WORDLE: A Nifty Little Tool for Writers

I came across this program recently and had tried to recall the name because I thought it might be a useful tool for writers. Well, I was reading through the comments on Kristen Lamb’s blog (if you haven’t been there you must check it out) and, what do you know, there it was: the name of the program that had eluded me.

So, what the heck is Wordle?

Wordle is a program used to create word art from text. Words that occur more frequently are visually amplified (displayed in a larger font).  While this makes for some pretty cool art (just explore Pinterest and you will find all kinds of creative art using Wordle), there are other benefits too. For example, you can summarize survey results to see the most popular answers or pinpoint the main idea of an online discussion.

I’m sure by now you can guess the benefit for writers. It will magnify the words used most often in your writing. This can help you find words you are overusing, like those pesky little adverbs!

After I came across the post with the reference to Wordle, I jumped on the internet to find it. You can find it here: www.wordle.net. You may need to enable JAVA applets in your browser (the website provides instructions), but it’s fairly easy to use. Just paste the text into the window and press the “go” button.

I pasted my MS into the application and generated the Wordle. I discovered that the main characters in my novel were the most prominently displayed words. The next largest word was “back.” Huh? Do I really overuse that word?

I toggled back to my manuscript and read back through the document. I glanced back and forth between my MS and the Wordle. I was puzzled. Okay, not really, just surprised. I had no idea I used that word so often. I went on a search and destroy mission and discovered that in all but a few instances the word was unnecessary. UNNECESSARY! Wow, what a helpful little tool.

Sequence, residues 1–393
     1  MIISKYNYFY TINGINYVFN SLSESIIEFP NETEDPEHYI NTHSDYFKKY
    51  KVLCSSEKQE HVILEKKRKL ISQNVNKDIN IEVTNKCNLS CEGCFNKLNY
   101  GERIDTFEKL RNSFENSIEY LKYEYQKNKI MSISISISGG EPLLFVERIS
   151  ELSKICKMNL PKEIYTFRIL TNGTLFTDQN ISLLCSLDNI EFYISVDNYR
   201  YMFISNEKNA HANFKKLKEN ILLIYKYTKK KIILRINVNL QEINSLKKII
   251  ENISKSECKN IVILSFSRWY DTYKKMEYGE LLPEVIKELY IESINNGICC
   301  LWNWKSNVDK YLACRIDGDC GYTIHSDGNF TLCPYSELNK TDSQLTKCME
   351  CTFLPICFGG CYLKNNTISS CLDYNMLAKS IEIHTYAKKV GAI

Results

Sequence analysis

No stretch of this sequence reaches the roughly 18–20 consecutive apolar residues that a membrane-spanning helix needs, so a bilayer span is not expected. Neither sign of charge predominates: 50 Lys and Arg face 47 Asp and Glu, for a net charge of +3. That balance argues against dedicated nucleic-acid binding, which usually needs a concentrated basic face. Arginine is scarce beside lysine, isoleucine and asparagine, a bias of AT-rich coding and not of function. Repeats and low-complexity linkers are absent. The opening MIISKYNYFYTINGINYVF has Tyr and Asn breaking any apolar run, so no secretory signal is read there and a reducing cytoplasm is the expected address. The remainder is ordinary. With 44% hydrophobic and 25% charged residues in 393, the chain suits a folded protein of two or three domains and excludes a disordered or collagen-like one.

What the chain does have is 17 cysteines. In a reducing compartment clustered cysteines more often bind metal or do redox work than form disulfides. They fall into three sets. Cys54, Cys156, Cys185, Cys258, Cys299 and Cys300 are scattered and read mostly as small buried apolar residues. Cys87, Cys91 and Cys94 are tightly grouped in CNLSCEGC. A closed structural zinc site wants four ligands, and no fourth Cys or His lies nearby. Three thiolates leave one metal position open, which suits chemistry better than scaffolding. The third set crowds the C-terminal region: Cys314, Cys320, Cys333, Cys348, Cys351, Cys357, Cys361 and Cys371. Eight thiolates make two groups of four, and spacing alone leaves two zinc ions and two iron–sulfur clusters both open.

I wondered what the Wordle of the work of a famous author would look like. Well, there was no way I was going to type War and Peace into a document but I did happen to have a digital copy of one of Tolstoy’s short stories. I pasted A Spark Neglected Burns the House into the window and waited for a visual representation. Here is what it looks like.

Tolstoy Wordle

Hey, there’s that word again: “back.” It’s somewhat prominent in his story. I don’t feel so bad about my overuse but don’t regret removing it either. I generated a few others for comparison purposes.

The Fiddler by Herman Melville

The Fiddler by Herman Melville

The End of the Party by Graham Greene

The End of the Party by Graham Greene

The main characters were the most prominently displayed words in all three Wordles. You can get a general idea what the story is about by looking at the remaining jumble of words. Okay, well, maybe not, but it looks cool! If anything it would be an artistic way to display your creative work once it’s published. 🙂


17 thoughts on “WORDLE: A Nifty Little Tool for Writers”

  1. You’re right that IS a nifty little tool! Visually appealing and actually useful. I know a few of my Achilles’ heel words but I bet there are more – and now I can hunt them down. I’ve tucked that link away in my bookmarks and will be paying it a visit soon. Thanks so much, Melissa!

    1. You’re welcome Jill! You’re right. The visual representation of our work is useful for creative types since we tend to process things visually. I’ve read my MS a dozen times and still did not pick up on the obvious overutilization of the word “back.”

        1. Hmmm. Mine didn’t work at first either. You might have a problem with your firewall or web content filter. Check out the troubleshooting section under the FAQ tab on their site for help. BTW, I’ve been checking out your blog (love it!) and have only discovered one curse word so far; that is, if you consider “damn” a curse word 🙂

  2. Almost as soon as I saw that “back” was one of your oft-used words, I remembered a moment yesterday while writing where I had used that word TWICE in one sentence and thought to myself, How in the world am I going to write this with “back” only once?? And though I was able to do it, now I’m wondering how many other times I could be cutting it out… I can’t wait to see if my Wordle graph adequately describes the plot of my story through word usage 🙂

  3. Take a look at Tagxedo (http://www.tagxedo.com/) which is similar to Wordle but allows for shapes and a bit more control over the final product. Plus you can add website urls and make a cloud pic of it. (BTW, no affiliation with Tagxedo other than as someone who has used them both!)

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